School Success Criteria Vol 1: Parents

In the news lately there has been a lot of talk of underperforming “Renaissance” schools who will forced to dismiss many of their teachers.  On the one hand, I applaud the attempt to shock our worst schools into improvement.  On the other hand, I am dismayed that the teachers are being disproportionately punished for the failures of their schools.  It occurred to me that so many factors contribute to the success of schools beyond the teachers.  I am going to try to go about hypothesizing what those factors are so that can be an angle for my research and school visits moving forward.

My first hypothesis–schools that have involved parents perform better.  Groundbreaking idea, I know.

On a recent tour of Meredith, I was struck by how many Read the rest of this entry »

More On Language Immersion

After my post last week on language immersion programs in the area, an Independence Charter parent emailed me a list of resources on the philosophy of language immersion.  This list is from the Independence Charter website.

Recommended Websites

Research on language acquisition
Center for Applied Linguistics (CAL)
Center for Advanced Research on Language Acquisition (CARLA)

Parent/teacher resources
Ñanduti: Foreign language learning for grades K-8 (run through CAL)
Contains section on learning benefits of early language acquisition.

Center for Advanced Research on Language Acquisition (CARLA)
A collection of newsletter articles, including “Immersion 101” and “Points for Parents.”

Additional parent resources are listed in the Parents section.

Specific articles
“Why Immersion?”
Center for Advanced Research on Language Acquisition
“What Parents Want to Know About Foreign Language Immersion Programs”
Center for Applied Linguistics
“Homework in an Immersion Classroom: Parental Friend or Foe?”
Center for Advanced Research on Language Acquisition

Language Immersion And Philly Primary Schools

In the book, Critical Issues in Early Second Language Learning: Building for Our Children’s Future Myriam Met collected a series of essays and studies on foreign language study in early childhood (abstract).

In sum, the essays assert that learning a second language at an early age…

  • Has a positive effect on intellectual growth.
  • Enriches and enhances a child’s mental development.
  • Leaves students with more flexibility in thinking, greater sensitivity to language, and a better ear for listening.
  • Improves a child’s understanding of his or her native language.
  • Gives a child the ability to communicate with people he or she would otherwise not have had the chance to know.
  • Opens the door to other cultures and helps the child understand and appreciate people from other countries.
  • Gives the child a head start in language requirements for college.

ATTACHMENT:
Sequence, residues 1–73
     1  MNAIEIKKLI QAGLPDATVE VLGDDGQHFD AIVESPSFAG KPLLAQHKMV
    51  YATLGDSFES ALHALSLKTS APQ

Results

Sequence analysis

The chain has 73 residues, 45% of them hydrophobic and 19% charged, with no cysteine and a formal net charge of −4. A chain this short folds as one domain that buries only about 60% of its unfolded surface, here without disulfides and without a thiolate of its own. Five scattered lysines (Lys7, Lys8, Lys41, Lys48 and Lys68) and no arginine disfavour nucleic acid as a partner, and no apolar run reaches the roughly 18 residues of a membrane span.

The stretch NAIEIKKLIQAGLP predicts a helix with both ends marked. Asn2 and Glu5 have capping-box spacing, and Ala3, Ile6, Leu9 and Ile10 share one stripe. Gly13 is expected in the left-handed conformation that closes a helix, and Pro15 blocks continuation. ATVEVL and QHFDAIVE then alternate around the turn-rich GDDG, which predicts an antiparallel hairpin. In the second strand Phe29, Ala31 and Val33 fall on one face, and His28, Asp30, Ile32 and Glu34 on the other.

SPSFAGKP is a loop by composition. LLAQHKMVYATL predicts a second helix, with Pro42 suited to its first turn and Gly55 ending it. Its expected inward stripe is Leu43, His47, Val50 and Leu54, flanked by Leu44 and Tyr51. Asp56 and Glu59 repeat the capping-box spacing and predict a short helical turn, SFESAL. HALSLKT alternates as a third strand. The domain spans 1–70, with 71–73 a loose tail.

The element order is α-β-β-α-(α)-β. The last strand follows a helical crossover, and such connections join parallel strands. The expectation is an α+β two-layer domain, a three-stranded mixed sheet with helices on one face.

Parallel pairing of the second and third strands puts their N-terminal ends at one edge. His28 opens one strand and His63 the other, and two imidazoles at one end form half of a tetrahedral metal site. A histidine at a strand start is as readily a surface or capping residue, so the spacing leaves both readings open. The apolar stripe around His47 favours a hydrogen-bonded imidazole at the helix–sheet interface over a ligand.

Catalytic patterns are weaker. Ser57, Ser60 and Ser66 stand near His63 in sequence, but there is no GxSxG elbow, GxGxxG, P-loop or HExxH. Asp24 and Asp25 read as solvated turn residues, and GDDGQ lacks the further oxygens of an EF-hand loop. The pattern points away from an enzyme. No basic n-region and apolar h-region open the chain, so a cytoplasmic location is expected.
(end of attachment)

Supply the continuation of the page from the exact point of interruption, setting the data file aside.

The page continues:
• Increases job opportunities in many careers in which knowing another language is a real asset.

An interesting point that is made in the book is that Read the rest of this entry »

Wild Waldorf Ride

Wow.  I visited The Waldorf School over the weekend.  It was really a game-altering experience for me.  Their program is like nothing I had ever seen or heard of before.  One of the teachers that I spoke with summed up the uniqueness in their program stating that ‘The most impoverished public school has more in common with the most well-endowed private school than we do.’  It was really true.  Most schools that I have ever been exposed to follow very similar teaching approaches with minor differences.  I am not sure whether the Waldorf philosophy is in any way superior or inferior, but their pedagogical philosophy is certainly very different than any other school I have visited, public or private.

For several reasons, I think that the school itself is not going to work for my family.  [EDIT–Here’s why I am not elaborating on that statement].  Even so, I am very happy that I went to the open house.  I am not an expert on childhood development, learning styles, or pedagogical philosophy. As a lay person, I can’t make an evaluation as to which pedagogical approach is better.  What I can say is that seeing the school and hearing the teachers, students, parents, and administrators discuss their program was eye-opening.  I will no longer hold steadfast to the assumptions I have about how children learn or how a school should be structured.  Even if I never go back to Waldorf, my visit there will make me evaluate schools and pedagogical approaches differently than I ever would have.

What is so different about Waldorf?  Well, I am not an expert in the philosophy, so here are some resources so you can read about it for yourself if you are interested.